Invasive Species Compendium

Detailed coverage of invasive species threatening livelihoods and the environment worldwide

Abstract

Impact of net houses on the natural regulation of the populations of Trialeurodes vaporariorum (Homoptera: Aleyrodidae) and Tuta absoluta (Lepidoptera: Gelechiidae), two major tomato pests in Kenya.

Abstract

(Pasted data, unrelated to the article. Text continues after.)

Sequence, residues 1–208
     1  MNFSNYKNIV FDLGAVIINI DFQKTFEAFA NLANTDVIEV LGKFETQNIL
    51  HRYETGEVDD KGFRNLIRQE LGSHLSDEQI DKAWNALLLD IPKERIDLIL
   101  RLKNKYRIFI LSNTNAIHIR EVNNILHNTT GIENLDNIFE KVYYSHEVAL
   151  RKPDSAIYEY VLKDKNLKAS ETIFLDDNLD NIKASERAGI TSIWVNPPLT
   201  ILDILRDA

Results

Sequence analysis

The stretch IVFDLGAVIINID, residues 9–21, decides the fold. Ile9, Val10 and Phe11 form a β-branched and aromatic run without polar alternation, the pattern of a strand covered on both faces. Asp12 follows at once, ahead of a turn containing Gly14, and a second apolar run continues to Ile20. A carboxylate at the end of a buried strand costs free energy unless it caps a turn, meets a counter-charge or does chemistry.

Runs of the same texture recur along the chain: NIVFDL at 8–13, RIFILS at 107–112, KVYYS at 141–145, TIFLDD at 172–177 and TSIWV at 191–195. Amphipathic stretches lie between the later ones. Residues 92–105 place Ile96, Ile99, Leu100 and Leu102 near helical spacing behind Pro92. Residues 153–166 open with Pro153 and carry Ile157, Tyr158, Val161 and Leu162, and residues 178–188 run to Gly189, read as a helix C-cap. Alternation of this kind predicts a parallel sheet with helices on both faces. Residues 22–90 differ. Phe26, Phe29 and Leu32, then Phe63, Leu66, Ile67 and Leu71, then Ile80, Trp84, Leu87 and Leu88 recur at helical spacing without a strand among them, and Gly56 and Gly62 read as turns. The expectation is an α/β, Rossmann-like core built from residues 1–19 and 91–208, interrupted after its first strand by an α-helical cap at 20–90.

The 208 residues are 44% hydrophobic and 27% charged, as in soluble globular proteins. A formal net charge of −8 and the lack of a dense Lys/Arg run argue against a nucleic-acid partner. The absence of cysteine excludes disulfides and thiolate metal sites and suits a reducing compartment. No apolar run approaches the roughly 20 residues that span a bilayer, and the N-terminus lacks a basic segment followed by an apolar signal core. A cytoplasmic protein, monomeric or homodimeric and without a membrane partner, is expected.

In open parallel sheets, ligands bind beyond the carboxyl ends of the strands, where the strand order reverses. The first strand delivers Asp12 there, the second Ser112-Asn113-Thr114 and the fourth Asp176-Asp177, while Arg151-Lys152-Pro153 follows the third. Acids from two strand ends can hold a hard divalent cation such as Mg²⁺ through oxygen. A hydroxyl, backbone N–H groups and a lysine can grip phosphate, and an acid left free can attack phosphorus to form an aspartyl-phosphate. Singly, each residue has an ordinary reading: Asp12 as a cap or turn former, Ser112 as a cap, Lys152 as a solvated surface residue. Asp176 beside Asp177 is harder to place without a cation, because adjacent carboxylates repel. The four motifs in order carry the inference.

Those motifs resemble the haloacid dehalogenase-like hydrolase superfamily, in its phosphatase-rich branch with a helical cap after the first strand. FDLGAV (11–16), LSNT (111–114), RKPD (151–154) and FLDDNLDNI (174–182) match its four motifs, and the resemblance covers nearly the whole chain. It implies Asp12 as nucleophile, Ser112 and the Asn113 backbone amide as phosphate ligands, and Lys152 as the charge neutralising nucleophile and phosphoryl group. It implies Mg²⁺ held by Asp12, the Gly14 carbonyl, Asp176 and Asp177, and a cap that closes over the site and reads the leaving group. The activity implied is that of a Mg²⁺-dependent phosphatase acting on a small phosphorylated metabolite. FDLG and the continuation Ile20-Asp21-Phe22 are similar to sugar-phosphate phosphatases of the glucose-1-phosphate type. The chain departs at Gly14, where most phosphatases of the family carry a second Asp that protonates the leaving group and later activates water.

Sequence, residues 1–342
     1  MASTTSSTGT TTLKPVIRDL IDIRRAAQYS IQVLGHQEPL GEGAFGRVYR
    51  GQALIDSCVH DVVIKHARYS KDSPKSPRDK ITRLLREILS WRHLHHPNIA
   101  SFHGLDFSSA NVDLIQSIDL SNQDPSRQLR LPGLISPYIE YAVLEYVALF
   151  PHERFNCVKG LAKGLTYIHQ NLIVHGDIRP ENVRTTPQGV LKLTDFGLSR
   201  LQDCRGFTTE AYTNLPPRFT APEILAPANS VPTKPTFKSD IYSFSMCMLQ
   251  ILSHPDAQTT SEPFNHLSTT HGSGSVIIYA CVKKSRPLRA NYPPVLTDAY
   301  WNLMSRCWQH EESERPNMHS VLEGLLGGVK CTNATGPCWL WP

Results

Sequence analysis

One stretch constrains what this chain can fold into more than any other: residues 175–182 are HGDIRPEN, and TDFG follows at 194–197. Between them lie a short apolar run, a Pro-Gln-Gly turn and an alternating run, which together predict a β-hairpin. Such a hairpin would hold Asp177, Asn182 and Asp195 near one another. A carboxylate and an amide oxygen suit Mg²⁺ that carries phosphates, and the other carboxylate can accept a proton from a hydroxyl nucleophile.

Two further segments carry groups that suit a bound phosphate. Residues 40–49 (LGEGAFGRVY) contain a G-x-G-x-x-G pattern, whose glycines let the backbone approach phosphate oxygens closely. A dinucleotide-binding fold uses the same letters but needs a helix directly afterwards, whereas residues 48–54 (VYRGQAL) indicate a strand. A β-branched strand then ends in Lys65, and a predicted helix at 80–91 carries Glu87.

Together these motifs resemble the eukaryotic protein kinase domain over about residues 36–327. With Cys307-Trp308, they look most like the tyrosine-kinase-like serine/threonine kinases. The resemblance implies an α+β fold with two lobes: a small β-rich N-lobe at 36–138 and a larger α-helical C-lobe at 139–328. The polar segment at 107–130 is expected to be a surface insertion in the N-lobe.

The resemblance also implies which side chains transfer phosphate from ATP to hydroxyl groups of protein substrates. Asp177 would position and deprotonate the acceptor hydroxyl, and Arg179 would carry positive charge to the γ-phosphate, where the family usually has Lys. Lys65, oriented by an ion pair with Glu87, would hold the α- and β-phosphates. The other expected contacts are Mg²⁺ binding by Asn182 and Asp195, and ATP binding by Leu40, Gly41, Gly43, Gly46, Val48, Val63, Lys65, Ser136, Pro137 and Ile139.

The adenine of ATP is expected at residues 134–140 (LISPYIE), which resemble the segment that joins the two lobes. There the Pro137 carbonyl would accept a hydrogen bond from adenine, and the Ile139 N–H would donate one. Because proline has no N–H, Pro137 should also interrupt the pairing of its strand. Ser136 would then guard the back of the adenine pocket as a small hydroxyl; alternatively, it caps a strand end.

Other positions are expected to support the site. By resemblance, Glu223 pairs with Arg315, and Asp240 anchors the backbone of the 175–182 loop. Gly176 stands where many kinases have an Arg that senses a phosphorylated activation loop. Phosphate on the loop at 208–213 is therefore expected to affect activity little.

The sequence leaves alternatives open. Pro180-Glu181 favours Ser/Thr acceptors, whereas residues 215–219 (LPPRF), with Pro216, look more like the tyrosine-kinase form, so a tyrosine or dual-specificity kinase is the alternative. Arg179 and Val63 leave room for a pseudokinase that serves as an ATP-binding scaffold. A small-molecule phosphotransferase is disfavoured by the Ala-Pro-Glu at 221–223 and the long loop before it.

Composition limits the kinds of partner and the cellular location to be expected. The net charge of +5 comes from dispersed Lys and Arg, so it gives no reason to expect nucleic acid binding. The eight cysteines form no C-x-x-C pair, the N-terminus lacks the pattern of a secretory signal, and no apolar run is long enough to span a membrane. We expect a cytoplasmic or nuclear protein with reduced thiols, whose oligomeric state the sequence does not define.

The abandonment of insecticide treatments to achieve sustainable crop production calls for a combination of methods to obtain satisfactory pest control. To this end, net houses and biological control are two promising methods, though we suspected that most natural enemies are blocked outside the net houses. In Kenya, tomato crops are particularly threatened by Trialeurodes vaporariorum (Westwood 1856) and Tuta absoluta (Meyrick, 1917) that are targets of most insecticide treatments in this country. We investigated in an on-farm experiment (i) the abundances of T. vaporariorum and T. absoluta in open fields and in net houses, (ii) the diversity of arthropod natural enemies of these pests, and (iii) the effect of net houses on the natural regulation. To complete, in the laboratory, we checked the capacity of natural enemies to pass through different net types. We identified several natural enemies, mainly the mirid bug Nesidiocoris tenuis (Reuter 1895) that was the most abundant predator for both pests. One parasitoid species was also identified for each pest, i.e. Encarsia formosa Gahan (1924) and Copidosoma sp. for T. vaporariorum and T. absoluta respectively. Net houses reduced drastically the pest populations. Predators were less abundant under net houses, while parasitoids did not seem to be affected by the nets. Encarsia formosa was shown to be able to pass through the different net types, while N. tenuis adults were not. These results raise the potential for augmentative biological control under net houses. Using kairomones to attract natural enemies, or introducing natural enemies under the net houses through inoculative releases, are two approaches to increase the abundance of natural enemies under net houses.